Attention Deficit Hyperactivity Disorder (ADHD) can be categorised into by inattentiveness and hyperactivity and impulsiveness. Many people with ADHD have traits that fall into each of these categories, but that is not always the case. Symptoms of ADHD begin in childhood, and sometimes carry on into adulthood. The recommended treatment for adults with ADHD involves medication, behavioural training, and education about ADHD.
The diagnosis of ADHD is dependent on diagnostic criteria and classification of hyperactivity, therefore it is not always diagnosed. ADHD in women is often missed in childhood and only gets noticed later in life. ADHD is often diagnosed in boys and young men as hyperactivity is commonly displayed, with “impulsive”, “disruptive”, and “unmanageable” traits identified. These hyperactive traits have long been the hallmark for identifying and diagnosing ADHD, with inattentiveness considered a secondary trait. For women however, ADHD often presents as inattentiveness more than hyperactivity, and subsequently not considered or identified during assessment. Furthermore, ADHD is often seen as a ‘naughty little boy’ condition, meaning that more young boys are put through ADHD testing and therefore diagnosis, compared with girls.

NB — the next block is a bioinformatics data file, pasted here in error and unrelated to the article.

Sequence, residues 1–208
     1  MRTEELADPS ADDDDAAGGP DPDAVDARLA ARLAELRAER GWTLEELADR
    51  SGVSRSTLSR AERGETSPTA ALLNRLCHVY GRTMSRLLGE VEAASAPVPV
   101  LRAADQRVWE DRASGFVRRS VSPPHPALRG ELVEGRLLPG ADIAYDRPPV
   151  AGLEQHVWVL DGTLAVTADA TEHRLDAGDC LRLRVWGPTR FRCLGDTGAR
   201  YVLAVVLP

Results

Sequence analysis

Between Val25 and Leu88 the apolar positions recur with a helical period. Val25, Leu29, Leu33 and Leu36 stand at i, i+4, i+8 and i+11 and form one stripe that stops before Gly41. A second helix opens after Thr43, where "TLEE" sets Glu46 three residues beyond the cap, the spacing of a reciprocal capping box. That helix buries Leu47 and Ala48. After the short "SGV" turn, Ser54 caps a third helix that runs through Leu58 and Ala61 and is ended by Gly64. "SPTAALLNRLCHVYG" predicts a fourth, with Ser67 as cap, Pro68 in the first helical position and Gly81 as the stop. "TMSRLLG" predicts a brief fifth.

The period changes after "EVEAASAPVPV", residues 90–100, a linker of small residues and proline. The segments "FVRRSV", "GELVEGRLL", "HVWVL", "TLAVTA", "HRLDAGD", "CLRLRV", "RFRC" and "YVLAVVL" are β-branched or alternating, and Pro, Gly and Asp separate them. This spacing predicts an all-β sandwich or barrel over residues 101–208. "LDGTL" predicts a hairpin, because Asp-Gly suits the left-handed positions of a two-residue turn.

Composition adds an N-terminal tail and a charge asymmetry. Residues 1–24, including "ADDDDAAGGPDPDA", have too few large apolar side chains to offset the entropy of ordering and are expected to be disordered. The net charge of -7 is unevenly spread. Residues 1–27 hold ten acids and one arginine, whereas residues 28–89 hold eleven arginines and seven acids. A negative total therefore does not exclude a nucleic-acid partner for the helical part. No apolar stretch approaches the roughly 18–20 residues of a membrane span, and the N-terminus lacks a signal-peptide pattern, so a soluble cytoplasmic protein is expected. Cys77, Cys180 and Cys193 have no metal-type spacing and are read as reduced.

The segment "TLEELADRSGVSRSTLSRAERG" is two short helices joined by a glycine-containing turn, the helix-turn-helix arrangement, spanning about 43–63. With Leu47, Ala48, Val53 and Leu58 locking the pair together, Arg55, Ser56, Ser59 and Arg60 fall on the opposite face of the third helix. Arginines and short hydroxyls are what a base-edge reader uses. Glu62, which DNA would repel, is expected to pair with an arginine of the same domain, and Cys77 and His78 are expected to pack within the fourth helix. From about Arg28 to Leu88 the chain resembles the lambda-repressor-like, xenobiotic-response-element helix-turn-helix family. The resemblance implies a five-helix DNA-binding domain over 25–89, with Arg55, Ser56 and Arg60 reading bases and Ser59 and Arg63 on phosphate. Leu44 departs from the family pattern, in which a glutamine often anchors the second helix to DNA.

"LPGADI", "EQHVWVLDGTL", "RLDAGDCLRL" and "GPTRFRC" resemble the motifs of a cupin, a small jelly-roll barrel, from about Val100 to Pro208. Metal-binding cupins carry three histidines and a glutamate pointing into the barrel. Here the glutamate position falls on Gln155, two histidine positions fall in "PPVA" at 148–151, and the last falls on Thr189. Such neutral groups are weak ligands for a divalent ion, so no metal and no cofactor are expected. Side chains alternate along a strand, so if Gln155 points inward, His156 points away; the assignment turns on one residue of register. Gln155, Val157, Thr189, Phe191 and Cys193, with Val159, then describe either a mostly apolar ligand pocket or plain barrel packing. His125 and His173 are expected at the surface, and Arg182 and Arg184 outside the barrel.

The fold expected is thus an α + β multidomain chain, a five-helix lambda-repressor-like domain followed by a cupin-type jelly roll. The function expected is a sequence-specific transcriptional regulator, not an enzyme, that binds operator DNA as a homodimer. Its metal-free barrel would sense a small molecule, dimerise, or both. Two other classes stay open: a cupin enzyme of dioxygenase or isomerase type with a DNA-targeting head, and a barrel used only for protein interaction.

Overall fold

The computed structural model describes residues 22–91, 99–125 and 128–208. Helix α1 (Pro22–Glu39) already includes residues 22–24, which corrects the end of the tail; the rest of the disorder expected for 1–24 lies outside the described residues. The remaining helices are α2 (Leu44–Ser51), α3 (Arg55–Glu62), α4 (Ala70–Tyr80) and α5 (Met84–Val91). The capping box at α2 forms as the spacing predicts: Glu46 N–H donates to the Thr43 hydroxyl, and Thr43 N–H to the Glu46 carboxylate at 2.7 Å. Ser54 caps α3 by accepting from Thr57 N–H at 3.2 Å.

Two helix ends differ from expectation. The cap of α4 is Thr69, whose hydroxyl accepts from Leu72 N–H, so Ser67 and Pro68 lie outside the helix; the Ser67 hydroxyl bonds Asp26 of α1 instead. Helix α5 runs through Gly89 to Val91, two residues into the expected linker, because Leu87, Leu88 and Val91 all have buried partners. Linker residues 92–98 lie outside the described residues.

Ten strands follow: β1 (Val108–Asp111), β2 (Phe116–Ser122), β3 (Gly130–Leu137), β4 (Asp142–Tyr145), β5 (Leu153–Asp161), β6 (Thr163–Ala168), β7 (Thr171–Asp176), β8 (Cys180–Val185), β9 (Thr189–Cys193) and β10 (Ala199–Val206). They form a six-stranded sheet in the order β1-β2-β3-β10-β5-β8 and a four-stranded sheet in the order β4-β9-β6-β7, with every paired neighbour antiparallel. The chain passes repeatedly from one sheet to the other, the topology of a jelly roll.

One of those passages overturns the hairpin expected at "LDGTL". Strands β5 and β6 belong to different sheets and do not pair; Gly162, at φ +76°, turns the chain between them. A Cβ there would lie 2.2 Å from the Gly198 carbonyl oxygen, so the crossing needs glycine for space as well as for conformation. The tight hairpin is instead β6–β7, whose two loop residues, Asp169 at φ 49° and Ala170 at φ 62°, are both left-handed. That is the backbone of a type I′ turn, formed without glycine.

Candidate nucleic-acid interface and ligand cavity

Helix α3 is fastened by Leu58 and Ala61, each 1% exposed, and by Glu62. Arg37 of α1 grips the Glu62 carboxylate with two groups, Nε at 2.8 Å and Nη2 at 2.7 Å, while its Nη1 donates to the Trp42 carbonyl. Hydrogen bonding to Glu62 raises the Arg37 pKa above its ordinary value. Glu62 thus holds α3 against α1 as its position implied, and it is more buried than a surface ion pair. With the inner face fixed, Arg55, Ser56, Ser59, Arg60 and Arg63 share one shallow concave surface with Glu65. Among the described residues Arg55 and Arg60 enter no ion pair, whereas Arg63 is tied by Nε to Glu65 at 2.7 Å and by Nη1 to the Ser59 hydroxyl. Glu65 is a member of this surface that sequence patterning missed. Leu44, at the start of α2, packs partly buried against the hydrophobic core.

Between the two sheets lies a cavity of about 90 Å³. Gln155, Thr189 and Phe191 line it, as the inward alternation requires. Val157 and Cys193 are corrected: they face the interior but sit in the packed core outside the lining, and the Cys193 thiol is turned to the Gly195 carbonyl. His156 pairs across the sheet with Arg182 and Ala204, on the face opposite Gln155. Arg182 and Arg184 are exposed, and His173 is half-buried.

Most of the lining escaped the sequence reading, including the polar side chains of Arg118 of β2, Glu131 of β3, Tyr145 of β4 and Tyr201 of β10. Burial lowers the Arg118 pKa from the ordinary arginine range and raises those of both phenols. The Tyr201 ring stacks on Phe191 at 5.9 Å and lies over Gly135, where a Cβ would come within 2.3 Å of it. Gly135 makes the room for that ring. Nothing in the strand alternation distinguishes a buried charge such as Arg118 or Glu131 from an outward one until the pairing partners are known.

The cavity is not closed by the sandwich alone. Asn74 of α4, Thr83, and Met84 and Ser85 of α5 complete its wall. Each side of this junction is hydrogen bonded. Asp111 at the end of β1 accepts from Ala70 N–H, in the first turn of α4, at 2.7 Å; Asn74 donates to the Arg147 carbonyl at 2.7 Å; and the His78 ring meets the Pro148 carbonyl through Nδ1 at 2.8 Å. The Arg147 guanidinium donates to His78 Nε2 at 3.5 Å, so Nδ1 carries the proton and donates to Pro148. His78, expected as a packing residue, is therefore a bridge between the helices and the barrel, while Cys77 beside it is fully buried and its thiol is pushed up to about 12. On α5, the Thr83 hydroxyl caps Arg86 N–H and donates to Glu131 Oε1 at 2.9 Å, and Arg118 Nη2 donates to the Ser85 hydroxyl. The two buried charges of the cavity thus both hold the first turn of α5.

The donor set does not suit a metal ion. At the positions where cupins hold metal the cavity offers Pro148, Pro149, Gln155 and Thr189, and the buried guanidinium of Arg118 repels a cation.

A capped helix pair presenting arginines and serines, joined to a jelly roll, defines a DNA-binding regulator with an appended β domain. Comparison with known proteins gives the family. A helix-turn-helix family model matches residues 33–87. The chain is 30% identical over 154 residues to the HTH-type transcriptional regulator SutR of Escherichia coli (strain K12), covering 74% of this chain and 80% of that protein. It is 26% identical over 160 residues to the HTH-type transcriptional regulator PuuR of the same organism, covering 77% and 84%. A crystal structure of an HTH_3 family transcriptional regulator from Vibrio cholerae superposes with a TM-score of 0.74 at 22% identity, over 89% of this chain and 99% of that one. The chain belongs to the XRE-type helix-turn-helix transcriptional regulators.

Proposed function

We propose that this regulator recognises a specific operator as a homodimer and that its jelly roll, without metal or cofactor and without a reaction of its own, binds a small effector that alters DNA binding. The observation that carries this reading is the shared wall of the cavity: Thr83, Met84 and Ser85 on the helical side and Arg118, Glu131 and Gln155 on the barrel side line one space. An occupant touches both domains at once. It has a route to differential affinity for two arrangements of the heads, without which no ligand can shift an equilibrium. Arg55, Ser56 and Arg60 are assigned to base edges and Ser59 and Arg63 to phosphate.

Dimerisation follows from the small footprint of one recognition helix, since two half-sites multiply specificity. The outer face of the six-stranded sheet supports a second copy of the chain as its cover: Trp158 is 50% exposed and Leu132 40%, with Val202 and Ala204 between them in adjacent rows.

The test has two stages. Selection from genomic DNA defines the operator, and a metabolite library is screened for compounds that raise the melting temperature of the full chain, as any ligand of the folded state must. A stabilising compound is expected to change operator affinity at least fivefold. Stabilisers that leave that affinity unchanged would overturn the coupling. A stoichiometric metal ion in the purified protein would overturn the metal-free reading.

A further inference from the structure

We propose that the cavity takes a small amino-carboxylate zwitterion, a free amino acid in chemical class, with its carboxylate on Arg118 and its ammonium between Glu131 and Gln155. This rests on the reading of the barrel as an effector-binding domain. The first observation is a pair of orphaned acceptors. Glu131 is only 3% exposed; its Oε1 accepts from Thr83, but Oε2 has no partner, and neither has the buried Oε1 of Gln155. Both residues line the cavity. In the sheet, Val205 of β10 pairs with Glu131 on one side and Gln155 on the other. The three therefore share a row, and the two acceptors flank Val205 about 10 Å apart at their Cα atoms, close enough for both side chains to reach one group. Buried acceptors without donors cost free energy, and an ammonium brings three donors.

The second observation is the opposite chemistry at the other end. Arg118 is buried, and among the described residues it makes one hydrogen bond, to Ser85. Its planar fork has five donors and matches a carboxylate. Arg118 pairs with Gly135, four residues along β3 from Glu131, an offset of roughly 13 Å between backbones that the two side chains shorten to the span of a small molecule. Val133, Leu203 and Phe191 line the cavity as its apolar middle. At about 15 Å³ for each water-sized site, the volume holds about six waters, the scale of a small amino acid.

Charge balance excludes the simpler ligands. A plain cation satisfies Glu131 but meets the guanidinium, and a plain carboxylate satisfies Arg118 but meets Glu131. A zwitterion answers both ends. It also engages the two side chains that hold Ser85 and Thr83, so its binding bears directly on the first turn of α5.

With ADHD symptoms presenting differently in women, and many women going undiagnosed, it can be useful to understand what it can look like. Common signs of ADHD in women include difficulty focusing, disorganisation, problems listening, indecision, forgetfulness, overspending and clutter. Women with ADHD tend to show emotional and psychological distress and are often diagnosed with anxiety and/or depression. Many women may also spend a lot of time and effort to hide their symptoms. Undiagnosed or underdiagnosed ADHD in adults is often characterized by missing deadlines, difficulty focusing, and problems organizing different aspects of daily life.
If you are experiencing symptoms of ADHD, see your doctor who will be able to assess your symptoms and write a referral to a psychiatrist or psychologist if necessary. Remember that you can always seek a second opinion if you feel like you are not receiving the best medical treatment or opinion you deserve.
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